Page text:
ROCHESTER, Minn. — Rochester area school districts say they're dealing with an acute shortage of substitute teachers.

Principals and superintendents are pitching in to cover the vacancies. Full-time teachers are giving up their preparation time to cover classes that don't have an instructor.

Kingsland High School Principal Jim Hecimovich said he's had to fill in for sick teachers regularly due to the substitute shortage.

I don't remember it being this tight," Hecimovich said. "I had to sub, back when I was an elementary principal, once in a blue moon. Now, it's a regular occurrence."

Educators describe the shortage as a statewide problem, but one that is being more acutely felt in southeastern Minnesota, where there are plenty of job opportunities.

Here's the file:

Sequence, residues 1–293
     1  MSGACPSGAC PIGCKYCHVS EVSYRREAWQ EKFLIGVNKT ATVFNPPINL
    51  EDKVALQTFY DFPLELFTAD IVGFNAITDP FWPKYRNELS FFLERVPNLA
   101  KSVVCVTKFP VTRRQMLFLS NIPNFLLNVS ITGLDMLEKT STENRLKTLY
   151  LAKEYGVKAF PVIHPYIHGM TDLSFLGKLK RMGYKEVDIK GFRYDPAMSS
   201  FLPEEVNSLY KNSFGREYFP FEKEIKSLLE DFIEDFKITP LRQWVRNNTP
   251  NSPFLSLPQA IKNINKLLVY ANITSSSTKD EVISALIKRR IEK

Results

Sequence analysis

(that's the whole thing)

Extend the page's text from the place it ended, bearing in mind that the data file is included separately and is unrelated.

"The job market has become so good in the Rochester area, people are not relying on substitute teaching but are finding different careers," Byron Public Schools Superintendent Jeff Elstad told the Post-Bulletin ( ).

Education leaders say the shortage reflects a deeper issue. There are simply fewer people in teaching.

Hecimovich said there's an untapped resource of potential subs — people with four-year degrees, fresh out of college, looking to make some money. It's just a matter of making them aware of the opportunity. Even without a teaching license, a college graduate can become a substitute teacher under the state's short-call licensure process.

"It clearly would benefit everybody if the word was out there," Hecimovich said.